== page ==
NEW ORLEANS—Standing in line at the hardware store on the edge of the French Quarter one December Monday, I overheard the cashier talking to a regular customer about manhole covers that had exploded just before dawn that morning a couple of blocks away. The metal discs had burst into buildings and crashed into the underside of a car, which in turn caught fire. Power outages and evacuations had ensued. This was just the latest addition to a cluster of troubling events. In the previous few days, a turbine powering the low-lying city’s storm-drainage system had also exploded, unrelated water-main ruptures had flooded neighborhoods on opposite sides of town, and a cyberattack had crippled City Hall. Not to mention the usual spate of shootings that punctuate the daily news in New Orleans.
The other customer, a longtime Quarter resident, asked the cashier and me whether we thought that morning’s explosion was terrorism. “This city doesn’t even need terrorists,” the cashier replied. “The city terrorizes itself.”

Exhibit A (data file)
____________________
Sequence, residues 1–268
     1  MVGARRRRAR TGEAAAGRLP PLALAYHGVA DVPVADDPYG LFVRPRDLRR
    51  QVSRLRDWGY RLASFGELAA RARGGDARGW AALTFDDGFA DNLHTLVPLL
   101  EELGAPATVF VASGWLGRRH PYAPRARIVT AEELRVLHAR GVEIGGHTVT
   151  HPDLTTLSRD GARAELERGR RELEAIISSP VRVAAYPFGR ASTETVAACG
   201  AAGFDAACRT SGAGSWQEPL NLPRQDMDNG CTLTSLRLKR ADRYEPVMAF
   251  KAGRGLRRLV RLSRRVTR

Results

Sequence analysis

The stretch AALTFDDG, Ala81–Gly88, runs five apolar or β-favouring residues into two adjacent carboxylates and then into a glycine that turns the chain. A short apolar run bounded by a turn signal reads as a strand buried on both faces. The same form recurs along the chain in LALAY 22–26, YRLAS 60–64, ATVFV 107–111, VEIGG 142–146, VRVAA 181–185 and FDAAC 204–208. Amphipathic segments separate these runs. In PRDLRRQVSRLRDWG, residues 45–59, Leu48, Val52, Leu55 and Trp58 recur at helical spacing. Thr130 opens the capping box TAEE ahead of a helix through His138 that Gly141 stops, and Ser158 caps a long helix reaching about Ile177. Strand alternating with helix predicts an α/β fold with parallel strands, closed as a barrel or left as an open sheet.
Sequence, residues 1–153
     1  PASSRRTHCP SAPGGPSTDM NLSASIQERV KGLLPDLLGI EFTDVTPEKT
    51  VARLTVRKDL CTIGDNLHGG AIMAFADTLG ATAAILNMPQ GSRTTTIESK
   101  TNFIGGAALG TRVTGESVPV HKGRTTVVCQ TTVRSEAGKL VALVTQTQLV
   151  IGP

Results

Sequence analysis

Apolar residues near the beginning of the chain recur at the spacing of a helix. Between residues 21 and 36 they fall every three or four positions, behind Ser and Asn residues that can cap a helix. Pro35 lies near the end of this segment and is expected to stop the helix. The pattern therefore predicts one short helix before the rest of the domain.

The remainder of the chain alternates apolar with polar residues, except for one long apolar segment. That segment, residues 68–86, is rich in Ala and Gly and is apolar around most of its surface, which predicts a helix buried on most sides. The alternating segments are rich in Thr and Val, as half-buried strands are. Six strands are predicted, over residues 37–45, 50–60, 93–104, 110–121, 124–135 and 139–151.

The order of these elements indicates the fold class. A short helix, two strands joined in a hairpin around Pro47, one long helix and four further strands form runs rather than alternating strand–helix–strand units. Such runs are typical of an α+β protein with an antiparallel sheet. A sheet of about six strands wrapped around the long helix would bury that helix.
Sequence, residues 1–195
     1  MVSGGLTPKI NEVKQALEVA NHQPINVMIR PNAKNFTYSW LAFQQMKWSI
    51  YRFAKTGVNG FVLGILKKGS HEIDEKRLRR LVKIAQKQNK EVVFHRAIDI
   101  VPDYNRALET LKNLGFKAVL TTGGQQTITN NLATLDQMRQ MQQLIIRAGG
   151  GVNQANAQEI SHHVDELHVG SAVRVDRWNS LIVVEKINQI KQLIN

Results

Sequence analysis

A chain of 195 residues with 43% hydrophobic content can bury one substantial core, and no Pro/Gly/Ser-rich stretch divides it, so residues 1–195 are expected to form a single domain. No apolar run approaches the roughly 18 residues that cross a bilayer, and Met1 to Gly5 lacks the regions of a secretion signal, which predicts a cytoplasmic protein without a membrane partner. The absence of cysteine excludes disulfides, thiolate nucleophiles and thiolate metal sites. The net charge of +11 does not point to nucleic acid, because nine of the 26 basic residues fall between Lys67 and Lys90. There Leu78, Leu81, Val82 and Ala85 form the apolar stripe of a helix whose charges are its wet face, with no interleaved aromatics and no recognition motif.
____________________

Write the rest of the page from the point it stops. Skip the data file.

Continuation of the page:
Outside the store’s plate-glass windows, traffic inched along North Rampart Street. Five blocks up, the street was closed. It had been impaled in late October by part of a construction crane, which was being used to build a Hard Rock Hotel on the corner of North Rampart and Canal Street—the city’s main thoroughfare. The crane had remained precariously upright when the unfinished hotel partially collapsed earlier in October, and local authorities intentionally imploded it in an effort to stabilize the 18-story ruin.
That part of the crane got stuck deep in the pavement was hardly the worst of it. The original accident on October 12 had killed three workers and injured dozens. One worker claimed that construction had been rushed so the hotel could open by Mardi Gras. Instead, at the time of year when the rest of the United States pays the most attention to New Orleans, two bodies remained trapped in the rubble, turning the ruins in the city’s heart into a massive, slouching tomb.